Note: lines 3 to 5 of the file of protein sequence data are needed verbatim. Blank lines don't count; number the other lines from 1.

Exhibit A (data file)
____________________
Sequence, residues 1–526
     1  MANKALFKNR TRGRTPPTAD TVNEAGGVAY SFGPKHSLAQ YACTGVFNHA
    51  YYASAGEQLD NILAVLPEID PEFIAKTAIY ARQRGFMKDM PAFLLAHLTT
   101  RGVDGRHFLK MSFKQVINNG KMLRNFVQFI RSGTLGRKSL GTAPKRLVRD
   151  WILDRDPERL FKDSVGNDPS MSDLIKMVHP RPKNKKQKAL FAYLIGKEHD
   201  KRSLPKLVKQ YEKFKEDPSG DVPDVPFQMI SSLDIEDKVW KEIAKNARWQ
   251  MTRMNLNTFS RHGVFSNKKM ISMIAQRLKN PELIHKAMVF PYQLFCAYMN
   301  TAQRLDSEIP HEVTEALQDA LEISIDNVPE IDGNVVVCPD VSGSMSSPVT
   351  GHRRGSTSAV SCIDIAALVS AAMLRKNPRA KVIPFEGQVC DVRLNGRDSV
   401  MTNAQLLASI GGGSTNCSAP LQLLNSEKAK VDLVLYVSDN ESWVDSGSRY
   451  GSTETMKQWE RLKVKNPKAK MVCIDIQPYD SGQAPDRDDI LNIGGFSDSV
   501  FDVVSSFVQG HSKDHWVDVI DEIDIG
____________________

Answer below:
    51  YYASAGEQLD NILAVLPEID PEFIAKTAIY ARQRGFMKDM PAFLLAHLTT
   101  RGVDGRHFLK MSFKQVINNG KMLRNFVQFI RSGTLGRKSL GTAPKRLVRD
   151  WILDRDPERL FKDSVGNDPS MSDLIKMVHP RPKNKKQKAL FAYLIGKEHD